Release DetailsLABEL Metal Blade Records
RELEASED ON 5/24/2011
The World.The Flesh.The Devil
Allow me to share with you one of my darkest and most haunting metal fears: King Diamond will eventually lay down his bone-cross microphone for good.
That's something I really don't like to think about, but them's the facts. And while I understand and agree with a number of the classic bands to whom folks have drawn lines in terms of In Solitude's overall sound, the heart of this beast undoubtedly burns in the same fires that warned us to never break The Oath back in the early 80s. The mood is similarly grim; the guitar work is distinctly Denner & Shermann-esque; and the vocals -- while totally devoid of shrill screams -- sound considerably similar to King's lower register. So, along with a small handful of other bands traversing a similar path, In Solitude stands as one of the contenders that could help to fill a rather sizable void in my metal life once King ultimately throws in the towel. An unfair expectation? Absolutely! I'm sure these young Uppsalan bangers didn't gather with any sort of preconceived notion of becoming "the next in line." But I can't help but look at them exactly that way, just as I toss Portrait under a similar light.
Combine that with the fact that the press and comrades across the board have already shat multiple Skittle rainbows over this record and I couldn't help but walk into this release with lofty expectations. And you know, I agree, there are some genuinely fantastic moments here that show a great deal of potential. But I also can't shake the notion that The World The Flesh The Devil,when consumed as a whole, would have amplified its impact tenfold had the band trimmed some fat, embellished the production and amplified the dynamics.
That last point, particularly when combined with the first, has been a real stickler for me. When I think about the impact Mercyful Fate first had on me as a youth back in the early 80s, beyond the fact that the entire package was so tantalizingly taboo in all its iniquity, the band was masterful when it came to amplifying dynamics very directly. And while The World The Flesh The Devil certainly has its fair share of moments wherein In Solitude has things properly sorted out, there are also plenty of instances where an individual who should be standing under a spotlight ends up getting muddled because the songwriting over-exaggerates a need for everyone doing something at all times. Does that even make sense? I've struggled with that point for days. In other words, if the band were to strip a couple layers off and simplify their approach, the embellishments across the board would shine a little brighter and make for an even catchier album. All the players here are excellent, so giving everyone ample opportunity to shine on their own should be a top priority.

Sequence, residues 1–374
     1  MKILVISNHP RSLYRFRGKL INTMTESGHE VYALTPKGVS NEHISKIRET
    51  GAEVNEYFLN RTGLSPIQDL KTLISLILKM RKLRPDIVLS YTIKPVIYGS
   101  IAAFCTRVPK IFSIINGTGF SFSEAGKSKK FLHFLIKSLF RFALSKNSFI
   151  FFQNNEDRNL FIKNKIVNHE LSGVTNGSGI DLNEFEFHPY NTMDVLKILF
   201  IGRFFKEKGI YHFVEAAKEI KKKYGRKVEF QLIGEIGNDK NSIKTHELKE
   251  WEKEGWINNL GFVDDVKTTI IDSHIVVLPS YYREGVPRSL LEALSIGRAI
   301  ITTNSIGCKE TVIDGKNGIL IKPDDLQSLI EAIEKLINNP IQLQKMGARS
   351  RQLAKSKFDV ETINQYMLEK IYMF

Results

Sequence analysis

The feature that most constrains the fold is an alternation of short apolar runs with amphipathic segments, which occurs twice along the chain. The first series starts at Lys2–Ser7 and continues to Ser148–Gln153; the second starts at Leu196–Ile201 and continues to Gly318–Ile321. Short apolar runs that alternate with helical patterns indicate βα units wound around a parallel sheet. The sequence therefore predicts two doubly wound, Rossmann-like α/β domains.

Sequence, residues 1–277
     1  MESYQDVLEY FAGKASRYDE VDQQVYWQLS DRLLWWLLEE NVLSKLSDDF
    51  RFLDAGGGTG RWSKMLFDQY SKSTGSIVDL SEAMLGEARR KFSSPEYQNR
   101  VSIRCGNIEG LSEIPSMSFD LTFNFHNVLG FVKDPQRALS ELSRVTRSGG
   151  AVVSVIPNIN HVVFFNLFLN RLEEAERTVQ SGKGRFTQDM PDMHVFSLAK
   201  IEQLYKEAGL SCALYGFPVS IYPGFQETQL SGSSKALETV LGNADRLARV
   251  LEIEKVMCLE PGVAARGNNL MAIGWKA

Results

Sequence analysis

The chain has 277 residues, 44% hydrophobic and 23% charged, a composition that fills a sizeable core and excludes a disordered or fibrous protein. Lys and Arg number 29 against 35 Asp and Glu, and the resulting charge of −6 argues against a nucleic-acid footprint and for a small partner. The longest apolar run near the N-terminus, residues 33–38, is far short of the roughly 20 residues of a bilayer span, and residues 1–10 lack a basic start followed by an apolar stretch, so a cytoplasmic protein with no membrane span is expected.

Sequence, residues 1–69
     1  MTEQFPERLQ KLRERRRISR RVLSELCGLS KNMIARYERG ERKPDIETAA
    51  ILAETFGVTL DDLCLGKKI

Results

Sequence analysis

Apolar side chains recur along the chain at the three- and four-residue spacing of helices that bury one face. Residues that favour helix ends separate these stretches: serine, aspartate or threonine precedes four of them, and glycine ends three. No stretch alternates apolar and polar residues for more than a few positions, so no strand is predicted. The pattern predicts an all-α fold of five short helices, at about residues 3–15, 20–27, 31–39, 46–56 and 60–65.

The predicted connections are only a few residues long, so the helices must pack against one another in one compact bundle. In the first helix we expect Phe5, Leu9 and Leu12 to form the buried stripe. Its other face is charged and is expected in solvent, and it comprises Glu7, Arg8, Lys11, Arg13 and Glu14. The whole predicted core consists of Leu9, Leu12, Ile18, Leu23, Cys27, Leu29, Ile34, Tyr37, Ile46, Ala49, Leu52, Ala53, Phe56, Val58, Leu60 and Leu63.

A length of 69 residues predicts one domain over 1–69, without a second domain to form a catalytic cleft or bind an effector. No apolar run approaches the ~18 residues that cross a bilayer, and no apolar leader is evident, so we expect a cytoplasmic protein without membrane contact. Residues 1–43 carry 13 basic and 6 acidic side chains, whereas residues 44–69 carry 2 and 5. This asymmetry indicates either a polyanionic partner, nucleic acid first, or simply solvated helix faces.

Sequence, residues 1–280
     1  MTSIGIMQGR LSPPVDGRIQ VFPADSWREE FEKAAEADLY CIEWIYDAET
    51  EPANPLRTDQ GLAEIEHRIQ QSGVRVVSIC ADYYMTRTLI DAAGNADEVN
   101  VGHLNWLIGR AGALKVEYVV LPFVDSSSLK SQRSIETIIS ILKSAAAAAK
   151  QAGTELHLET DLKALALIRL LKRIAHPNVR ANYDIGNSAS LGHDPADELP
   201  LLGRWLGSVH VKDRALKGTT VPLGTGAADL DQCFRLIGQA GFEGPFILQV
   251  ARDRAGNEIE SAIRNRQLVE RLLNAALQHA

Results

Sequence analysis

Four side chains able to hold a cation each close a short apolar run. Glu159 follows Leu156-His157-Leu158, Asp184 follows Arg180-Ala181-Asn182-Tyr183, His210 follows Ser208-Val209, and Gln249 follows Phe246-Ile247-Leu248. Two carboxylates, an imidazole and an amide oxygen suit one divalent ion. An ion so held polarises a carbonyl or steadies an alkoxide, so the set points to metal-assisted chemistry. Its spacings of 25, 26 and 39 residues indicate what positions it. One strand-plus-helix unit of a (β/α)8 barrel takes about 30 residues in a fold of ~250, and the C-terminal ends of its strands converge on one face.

Additionally, the album's velvety production surprisingly doesn't help matters much. Yes, it's warm, smoky and well-suited for the style, but it's also very linear in that it rarely deviates from the rule that everyone gets equal share of the board 100% of the time. Picture a band on stage with everyone lined up directly next to one another for the entire performance and you've got the record's production in a nutshell.
But by God, when In Solitude strikes the iron on the mark, the results are VERY rewarding. As I said, all the players are skilled beyond their years, so each tune flashes moments worthy of a spotlight. But "Poisoned, Blessed and Burned" and "Dance of the Adversary" up the ante in regards to catchiness and incorporate additional ornamental embroidery to further fancify the mix: the prior with its mellow flourishes (that don't just happen during an outro), dark whispers and creepily lilting female vocal embellishments (turn that shit up!), and the latter with its generally more rollicking disposition that gives the melodic guitars a bit more breathing room. And despite the fact that it takes too long to get there, the closing 14-minute "On Burning Paths" twists and turns enough to stand as its own mini-LP. But the crowned jewel of this work strikes with the excellent "Demons", which, despite missing a prime opportunity to shred your face after a short pause at its midpoint, offers up one of 2011's most devastating riff breakouts at the 5:28 mark that's damn-near transcendent in its sublimity.
To conclude, there have been occasions where I've picked up random tunes on The World The Flesh The Devil and wondered if I've lost my bloody mind in regards to all the nitpicking bullshit I can't seem to let pass. But I have high standards for bands stepping into Mercyful Fate/Diamond territory; perhaps too high. And every time I've sat down to absorb this record in its entirety, I've ended up with similarly confounding results that point to the conclusion that the album as a whole remains an additional editor's touch away from being truly magnificent. It's a very worthy album with some pants-shittingly awesome moments, but I still believe there are better things to come from this young band.